Thin Films and Coatings Research Briefs
Research in the Materials Science and Engineering Center at Sandia National Laboratories includes the study of a variety of films, coatings, and related characterization techniques. We provide research and development support for other groups within Sandia, the Department of Energy, other government agencies, and private-sector companies. Areas of special emphasis and expertise within the program include:
- Sol-gel glass and ceramic films,
- Multilayer sputtered films,
- Porous silicon processing,
- Corrosion-resistant coatings,
- Thin-film and interface characterization,
- Numerical simulations of coatings,
- Photochromic films, and
- Small-angle x-ray characterization.
We have state-of-the-art facilities for studying fundamental processes in coating research. We develop new processing tools, diagnostics, and techniques grounded in fundamental concepts for the technology. We also develop prototype articles for evaluation by customers.
Sol-Gel Derived Glass and Ceramic Films: As part of our chemically prepared ceramics program, we investigate the fundamental chemistry and physics of ceramic film formation by spin, spray, and dip coating, and several self-assembly strategies including micropen, selective dewetting, and ink-jet patterning. Our capabilities include the design and synthesis of novel chemical precursors that provide additional control of film composition, morphology, and processing options.
Nanostructured ceramic film with ordered porosity made by self-assembly. Electron diffraction pattern (inset) indicates long-range order.electrochemical-based options to engineer surface properties.
Multilayer Sputtered Thin Films:
Unlike most other physical-deposition methods, sputtering can be used to deposit, simultaneously or sequentially, widely disparate materials such as metals and ceramics. Sandia maintains research and production sputtering units that can optimize films through independent control of target composition, substrate temperature, chamber pressure, deposition rates, process gas composition, process gas flow rates, and substrate bias. Thin films with excellent thickness control (>98%) and compositional uniformity can be obtained over large substrate areas (up to 8" diameter) using a 3"-diameter target. A sophisticated computer modeling and deposition program offers precise thickness control over large areas by moving (scanning) the substrate with respect to the sputter target during deposition. This program allows researchers to accurately model thickness profiles on figured substrates before deposition and, then, implement the optimum scanning algorithm. Figured substrates, such as optics, with excellent uniformity or optical interference coatings with prescribed thickness gradients can be made.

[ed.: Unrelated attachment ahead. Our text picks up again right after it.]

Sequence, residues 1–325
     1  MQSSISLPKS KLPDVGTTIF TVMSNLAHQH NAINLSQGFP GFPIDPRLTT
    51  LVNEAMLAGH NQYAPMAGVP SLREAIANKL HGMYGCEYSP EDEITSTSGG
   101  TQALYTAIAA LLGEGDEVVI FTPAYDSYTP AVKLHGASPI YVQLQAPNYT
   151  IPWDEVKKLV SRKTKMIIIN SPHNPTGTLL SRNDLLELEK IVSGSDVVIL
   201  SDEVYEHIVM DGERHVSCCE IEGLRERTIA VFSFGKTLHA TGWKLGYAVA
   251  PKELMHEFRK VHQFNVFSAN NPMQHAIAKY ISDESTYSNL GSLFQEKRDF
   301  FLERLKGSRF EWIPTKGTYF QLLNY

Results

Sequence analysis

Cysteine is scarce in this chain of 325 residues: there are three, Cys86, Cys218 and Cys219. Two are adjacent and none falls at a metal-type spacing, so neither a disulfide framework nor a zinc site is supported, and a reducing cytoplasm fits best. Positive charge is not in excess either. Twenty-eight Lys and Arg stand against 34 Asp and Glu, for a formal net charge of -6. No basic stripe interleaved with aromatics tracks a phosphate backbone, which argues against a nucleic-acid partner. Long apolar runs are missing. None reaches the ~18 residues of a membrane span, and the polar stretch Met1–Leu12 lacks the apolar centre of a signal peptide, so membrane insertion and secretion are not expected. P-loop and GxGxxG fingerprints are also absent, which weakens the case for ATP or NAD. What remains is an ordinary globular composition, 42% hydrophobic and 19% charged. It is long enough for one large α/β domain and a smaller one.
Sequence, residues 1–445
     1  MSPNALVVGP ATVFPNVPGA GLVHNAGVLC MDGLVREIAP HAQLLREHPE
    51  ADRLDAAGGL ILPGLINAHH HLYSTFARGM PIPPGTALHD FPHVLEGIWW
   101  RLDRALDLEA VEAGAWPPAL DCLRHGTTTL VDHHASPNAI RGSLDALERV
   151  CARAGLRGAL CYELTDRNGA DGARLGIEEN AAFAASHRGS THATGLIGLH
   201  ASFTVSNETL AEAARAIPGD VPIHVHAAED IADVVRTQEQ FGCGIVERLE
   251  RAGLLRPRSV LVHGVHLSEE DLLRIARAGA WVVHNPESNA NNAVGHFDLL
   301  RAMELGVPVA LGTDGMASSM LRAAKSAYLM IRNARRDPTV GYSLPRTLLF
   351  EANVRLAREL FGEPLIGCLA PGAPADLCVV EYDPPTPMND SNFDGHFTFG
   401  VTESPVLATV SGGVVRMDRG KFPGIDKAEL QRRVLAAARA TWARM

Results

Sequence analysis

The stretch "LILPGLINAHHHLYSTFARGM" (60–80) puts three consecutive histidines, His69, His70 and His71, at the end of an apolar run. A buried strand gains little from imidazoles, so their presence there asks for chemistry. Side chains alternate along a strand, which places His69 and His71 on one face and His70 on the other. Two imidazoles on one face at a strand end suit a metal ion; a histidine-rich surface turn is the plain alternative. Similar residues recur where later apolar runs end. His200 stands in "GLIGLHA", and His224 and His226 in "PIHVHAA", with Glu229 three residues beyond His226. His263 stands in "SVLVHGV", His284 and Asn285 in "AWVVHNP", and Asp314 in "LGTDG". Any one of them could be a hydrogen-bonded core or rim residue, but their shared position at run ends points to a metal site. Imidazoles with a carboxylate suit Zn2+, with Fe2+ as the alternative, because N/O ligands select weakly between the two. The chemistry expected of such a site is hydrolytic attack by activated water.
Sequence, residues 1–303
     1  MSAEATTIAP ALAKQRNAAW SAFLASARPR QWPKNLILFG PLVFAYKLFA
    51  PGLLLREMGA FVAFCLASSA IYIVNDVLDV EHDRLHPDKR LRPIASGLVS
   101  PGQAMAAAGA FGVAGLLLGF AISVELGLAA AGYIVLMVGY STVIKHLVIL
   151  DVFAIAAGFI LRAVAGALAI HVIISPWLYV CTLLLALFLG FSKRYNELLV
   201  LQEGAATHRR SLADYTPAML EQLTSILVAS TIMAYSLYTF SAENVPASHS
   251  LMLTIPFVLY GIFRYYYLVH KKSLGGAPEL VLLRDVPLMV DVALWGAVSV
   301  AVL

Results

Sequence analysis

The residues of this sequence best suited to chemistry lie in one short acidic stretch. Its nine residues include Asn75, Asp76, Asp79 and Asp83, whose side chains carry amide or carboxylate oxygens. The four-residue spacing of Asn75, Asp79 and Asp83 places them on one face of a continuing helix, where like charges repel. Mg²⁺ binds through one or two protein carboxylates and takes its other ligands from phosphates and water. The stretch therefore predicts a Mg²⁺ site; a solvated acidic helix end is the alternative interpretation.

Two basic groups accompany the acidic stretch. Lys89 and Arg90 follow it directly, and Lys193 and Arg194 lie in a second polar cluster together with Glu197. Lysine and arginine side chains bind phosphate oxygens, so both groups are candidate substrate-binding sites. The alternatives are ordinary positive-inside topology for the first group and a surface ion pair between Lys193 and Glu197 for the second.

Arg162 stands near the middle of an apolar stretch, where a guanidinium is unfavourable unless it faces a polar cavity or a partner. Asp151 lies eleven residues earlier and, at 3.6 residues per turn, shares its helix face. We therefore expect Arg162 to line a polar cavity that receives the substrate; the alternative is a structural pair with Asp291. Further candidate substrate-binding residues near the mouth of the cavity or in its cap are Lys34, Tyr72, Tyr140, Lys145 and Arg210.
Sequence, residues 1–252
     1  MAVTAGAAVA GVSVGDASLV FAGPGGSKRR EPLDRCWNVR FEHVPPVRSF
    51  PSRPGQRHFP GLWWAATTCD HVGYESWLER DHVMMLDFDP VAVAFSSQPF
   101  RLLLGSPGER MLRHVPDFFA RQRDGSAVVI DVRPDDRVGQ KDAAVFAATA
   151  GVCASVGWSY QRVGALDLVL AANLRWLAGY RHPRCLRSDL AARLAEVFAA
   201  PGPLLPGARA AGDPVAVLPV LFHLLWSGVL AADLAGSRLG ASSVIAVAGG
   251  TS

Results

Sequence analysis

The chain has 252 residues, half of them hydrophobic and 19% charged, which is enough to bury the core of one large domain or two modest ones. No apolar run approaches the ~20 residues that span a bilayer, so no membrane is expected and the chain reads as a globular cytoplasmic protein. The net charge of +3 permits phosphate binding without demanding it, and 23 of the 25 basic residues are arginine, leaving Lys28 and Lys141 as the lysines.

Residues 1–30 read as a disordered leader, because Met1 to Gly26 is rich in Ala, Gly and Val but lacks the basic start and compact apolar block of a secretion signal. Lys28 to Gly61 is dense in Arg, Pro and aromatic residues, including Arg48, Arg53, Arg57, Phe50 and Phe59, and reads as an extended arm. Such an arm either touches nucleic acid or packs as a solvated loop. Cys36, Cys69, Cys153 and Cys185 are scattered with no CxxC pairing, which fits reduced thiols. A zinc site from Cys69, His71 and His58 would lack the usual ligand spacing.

Thin-Film and Interface Characterization: To develop a fundamental understanding of film formation, interfacial chemistry, and physics, and its development in real time, Sandia has constructed several ultra-high vacuum analysis systems with appropriate surface and interface probes coupled to reaction chambers where either vapor-phase processing or liquid-phase electrochemical processing may be carried out.
- Personnel: Approximately 25 individuals contribute to these areas of research, including 10 Ph.D.-level staff members.
- Two Unifilm multi-source sputtering systems capable of thin film or multilayer depositions with excellent thickness and compositional uniformity, including a library of approximately 100 elemental and alloy-sputter targets.
- RF, DC, and pulsed-DC magnetron sputtering capabilities are available as well as reactive atmosphere sputtering with up to four process gases. A load lock increases throughput and minimizes chamber contamination.
- Stress measurement systems for performing in situ, thin-film stress measurements in the temperature range from ambient to 900ºC.
- Scanning electron microscope, atomic force microscope, and scanning tunneling microscope for characterizing film topography.
- Spin and dip-coating apparatus with unique imaging ellipsometer diagnostics for sol-gel coating.
- X-ray reflectometer and small-angle scattering instruments for probing films on the scale of a few nanometers to over a micrometer.
- Contact-angle measurement and adhesion stud pull tester to measure substrate cleanliness prior to deposition and adhesion of films after deposition.
- "Ambient pressure" aerogel films with low dielectric constant and high thermal insulation values have been synthesized, eliminating the need for critical-point drying.
- We have developed uncooled IR detector arrays integrating different film deposition techniques that allow high-volume manufacturability, while retaining state-of-the-art sensitivity.
- We achieved a world-best critical current density of 3 MA/cm2 at 77 K for crystallographically aligned, sol-gel derived YBa2Cu3O7-x superconductor thick films.
- We deposited highly reflective Mo/Si multilayer coatings for use at 13 nm for extreme ultraviolet (EUV) optics.
- We developed techniques to grow mixed metal-oxide thin films for catalytic processes, battery components, barrier layers, dielectrics, and ferroelectric memory elements.
Contacts: William Hammetter, (505) 272-7603, firstname.lastname@example.org